An easy story for a lazy Sunday. There's nothing for it but to ease back into my Persephone Book of Short Stories. Where did I leave off? Oh yes, all the way back in early June with Mollie Panter-Downes's Minnie's Room. Has it really been that long ago? Time certainly flies by, doesn't it? After my little hiatus filled with mystery reads, I am very much back in the mood for a little "domestic" fiction. It's one of those reading phases I think I mentioned recently.
This weekend's reading included a very short story by Margaret Bonham (1913-1991) called "The English Lesson", which was published in 1947. She is another new to me author. There is just the barest of information about her--she married three times and had three children. She wrote short stories for magazines which were eventually collected in a book called The Casino (I had it in my hands for a short while but it had to go back to the library--will be looking for it again later, however). She also wrote a mystery called (if I am matching the right author to the right book) The House Across the River. I can't find a description of it, but I am tempted to try and track it down through interlibrary loan as the title has me intrigued.
"The English Lesson" is a quiet sort of story, something of a character study. It has one of those moments where the protagonists, young schoolgirls, have an epiphany that sheds light on their previous bad behavior and rude assumptions. It is perhaps a small step in the direction of learning something about life and the mysteries of adulthood. A small slice of life maybe, this story is.
It takes a special person to be a teacher, and I know I lack those qualities (and more, the desires) that would make me good teacher material. So I can sympathize only too well with Miss Maurer when she has a feeling of dread ("she was cold with apprehension") at the idea of taking on form IVa for their English lesson. Imagine a classroom of young, spirited girls who like "ragging" their teacher.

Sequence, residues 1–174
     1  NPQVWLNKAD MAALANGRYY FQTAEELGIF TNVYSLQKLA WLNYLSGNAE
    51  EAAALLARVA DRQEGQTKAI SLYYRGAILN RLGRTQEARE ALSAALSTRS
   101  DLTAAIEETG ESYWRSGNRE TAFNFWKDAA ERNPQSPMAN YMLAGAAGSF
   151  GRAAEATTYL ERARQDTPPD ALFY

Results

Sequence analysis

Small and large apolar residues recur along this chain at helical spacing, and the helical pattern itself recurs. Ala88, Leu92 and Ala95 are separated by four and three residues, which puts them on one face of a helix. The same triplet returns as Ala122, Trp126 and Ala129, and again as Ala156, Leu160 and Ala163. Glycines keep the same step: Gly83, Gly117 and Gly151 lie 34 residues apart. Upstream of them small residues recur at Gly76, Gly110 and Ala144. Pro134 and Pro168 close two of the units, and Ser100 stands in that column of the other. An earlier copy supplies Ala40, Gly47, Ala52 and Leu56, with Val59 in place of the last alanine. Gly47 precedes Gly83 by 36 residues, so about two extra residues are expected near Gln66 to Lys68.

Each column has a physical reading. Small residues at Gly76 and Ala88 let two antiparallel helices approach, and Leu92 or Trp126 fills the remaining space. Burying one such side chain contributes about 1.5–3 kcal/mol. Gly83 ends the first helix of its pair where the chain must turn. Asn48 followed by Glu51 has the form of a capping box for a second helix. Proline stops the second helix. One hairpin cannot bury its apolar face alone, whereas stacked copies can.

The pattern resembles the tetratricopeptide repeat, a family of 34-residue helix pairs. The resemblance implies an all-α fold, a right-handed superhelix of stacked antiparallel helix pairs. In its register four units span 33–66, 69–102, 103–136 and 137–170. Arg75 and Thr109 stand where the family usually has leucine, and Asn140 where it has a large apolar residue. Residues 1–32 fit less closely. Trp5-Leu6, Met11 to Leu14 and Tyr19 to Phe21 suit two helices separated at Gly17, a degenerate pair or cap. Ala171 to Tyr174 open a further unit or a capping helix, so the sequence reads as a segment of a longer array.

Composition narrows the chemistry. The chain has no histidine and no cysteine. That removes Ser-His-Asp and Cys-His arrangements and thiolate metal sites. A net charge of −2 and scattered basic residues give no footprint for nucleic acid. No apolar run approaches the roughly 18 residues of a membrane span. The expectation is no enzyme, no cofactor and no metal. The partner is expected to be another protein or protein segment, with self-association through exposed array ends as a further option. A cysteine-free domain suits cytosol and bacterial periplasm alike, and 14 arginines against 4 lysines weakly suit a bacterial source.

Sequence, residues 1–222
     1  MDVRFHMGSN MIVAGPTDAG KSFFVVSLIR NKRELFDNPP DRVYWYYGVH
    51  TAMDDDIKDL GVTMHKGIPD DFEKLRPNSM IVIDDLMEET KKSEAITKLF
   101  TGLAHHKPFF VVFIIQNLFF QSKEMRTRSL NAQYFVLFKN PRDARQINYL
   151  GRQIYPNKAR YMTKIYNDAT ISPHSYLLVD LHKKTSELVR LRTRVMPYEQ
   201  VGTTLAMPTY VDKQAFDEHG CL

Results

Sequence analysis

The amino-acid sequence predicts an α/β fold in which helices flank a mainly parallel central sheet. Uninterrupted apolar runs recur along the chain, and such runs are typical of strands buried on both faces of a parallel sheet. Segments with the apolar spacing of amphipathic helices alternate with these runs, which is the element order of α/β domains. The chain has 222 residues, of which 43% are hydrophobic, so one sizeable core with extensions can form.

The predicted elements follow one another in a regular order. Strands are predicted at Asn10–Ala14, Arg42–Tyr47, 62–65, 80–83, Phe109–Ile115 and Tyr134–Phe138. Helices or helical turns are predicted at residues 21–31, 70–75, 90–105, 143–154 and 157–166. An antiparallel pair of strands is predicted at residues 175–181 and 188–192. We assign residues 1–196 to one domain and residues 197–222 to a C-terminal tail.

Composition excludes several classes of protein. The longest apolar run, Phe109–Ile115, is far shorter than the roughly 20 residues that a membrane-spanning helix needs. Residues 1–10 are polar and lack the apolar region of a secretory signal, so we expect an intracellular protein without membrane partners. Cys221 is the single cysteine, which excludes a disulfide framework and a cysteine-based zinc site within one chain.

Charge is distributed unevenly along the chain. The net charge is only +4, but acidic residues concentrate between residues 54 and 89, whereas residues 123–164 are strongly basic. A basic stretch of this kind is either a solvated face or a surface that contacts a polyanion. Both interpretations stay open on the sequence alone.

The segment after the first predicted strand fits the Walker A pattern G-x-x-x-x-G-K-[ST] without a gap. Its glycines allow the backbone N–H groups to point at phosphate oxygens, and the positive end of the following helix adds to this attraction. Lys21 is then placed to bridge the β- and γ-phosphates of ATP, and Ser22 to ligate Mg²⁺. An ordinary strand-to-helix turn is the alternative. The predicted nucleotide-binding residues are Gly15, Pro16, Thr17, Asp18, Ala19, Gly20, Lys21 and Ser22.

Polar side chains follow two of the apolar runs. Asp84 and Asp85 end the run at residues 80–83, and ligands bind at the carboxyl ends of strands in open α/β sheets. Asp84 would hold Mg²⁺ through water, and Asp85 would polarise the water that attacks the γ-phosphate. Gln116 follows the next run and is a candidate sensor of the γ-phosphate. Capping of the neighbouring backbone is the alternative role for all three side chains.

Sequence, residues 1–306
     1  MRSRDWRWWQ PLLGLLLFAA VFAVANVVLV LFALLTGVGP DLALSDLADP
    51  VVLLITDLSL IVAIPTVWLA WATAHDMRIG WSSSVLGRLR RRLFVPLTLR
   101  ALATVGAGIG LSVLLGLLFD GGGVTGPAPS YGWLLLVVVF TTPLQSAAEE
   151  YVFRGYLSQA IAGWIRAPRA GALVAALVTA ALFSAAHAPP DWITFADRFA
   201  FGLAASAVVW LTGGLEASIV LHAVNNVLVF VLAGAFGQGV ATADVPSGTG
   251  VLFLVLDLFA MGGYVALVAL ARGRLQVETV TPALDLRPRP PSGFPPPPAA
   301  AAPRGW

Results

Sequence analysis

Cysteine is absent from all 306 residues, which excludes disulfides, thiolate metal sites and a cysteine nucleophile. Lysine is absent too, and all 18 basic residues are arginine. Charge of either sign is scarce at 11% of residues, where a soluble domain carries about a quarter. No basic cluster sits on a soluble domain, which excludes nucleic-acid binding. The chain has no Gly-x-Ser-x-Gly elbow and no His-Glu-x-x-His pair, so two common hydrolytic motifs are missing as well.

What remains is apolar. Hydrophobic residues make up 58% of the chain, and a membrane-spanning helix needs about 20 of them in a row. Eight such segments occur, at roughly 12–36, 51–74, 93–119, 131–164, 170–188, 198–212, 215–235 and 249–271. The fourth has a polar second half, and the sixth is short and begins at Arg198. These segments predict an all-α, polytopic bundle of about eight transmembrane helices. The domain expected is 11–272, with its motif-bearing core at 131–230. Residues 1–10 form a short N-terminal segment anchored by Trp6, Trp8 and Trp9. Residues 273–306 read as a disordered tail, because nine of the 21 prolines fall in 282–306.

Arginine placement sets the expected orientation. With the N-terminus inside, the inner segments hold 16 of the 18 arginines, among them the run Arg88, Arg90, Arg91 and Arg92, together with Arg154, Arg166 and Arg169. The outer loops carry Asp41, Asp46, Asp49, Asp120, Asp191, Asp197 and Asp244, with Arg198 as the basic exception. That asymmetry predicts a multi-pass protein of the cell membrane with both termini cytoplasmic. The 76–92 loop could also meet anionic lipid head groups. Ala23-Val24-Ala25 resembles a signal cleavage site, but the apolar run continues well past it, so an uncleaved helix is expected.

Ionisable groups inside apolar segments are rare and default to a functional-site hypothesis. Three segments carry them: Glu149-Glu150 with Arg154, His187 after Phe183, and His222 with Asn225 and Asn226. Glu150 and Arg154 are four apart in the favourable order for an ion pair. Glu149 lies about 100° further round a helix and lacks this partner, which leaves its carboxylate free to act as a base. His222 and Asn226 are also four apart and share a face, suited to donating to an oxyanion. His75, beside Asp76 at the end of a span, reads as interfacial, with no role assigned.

"Miss Maurer thought in desolation, if I smile they get worse than ever, and if I am stern they laugh behind the desks."
I'm convinced that young people, young students particularly, can smell the fear and weaknesses in their teachers. And the seventeen of IVa can sense and see it in Miss Maurer. There's always at least one girl who is leader of the pack. She sets the tone and draws the line of what is acceptable and allowed of her cohorts. In this case it's Prue Leigh who happens to be celebrating a birthday. Prue is precocious and gets her way more often than not. She also likes to stir up trouble.
For her birthday her mother comes to take Prue for a special tea with chocolate cakes to celebrate. Who do you think they spot in the restaurant? For Miss Maurer this time alone is a much desired respite from the stress and frustrations of school. Prue tells her mother about giving their teacher a hard time.
"She's one of those hags - well, she's quite kind and all that, I suppose, but people simply shouldn't let themselves, should they? I wouldn't, would you?"
Prue's mother spots a dark beauty in the restaurant, a woman of mystery and exotic good looks. When she points her out to Prue, Prue is shocked and surprised that it is none other than her teacher Miss Maurer that her mother has commented on so favorably. The woman she takes such delight in ragging, a woman she imagines to be ever so dull. This is the woman her mother finds so beautiful. She can't quite believe it. Her mother tells her she's too young to understand.
It's all perception, isn't it? One woman can see it, this exotic and unusual beauty, in another. Someone, young and inexperienced can only imagine beauty as something that might be reflected back from her own limited worldview--the norm and expected. And the woman herself? Unaware of the power she has, aware only of her limitations maybe and shortcomings. That's Miss Maurer.
A simple story, told well. One with more to think about if you look below the surface, just as the girls in form IVa must do.
Next week, Shirley Jackson's "The Lottery". A reread and a story I am very much looking forward to revisiting. Only eight stories left in this collection by the way. I should finish it just in time for this year's RIP and will be able to move on to some good ghost stories, I hope.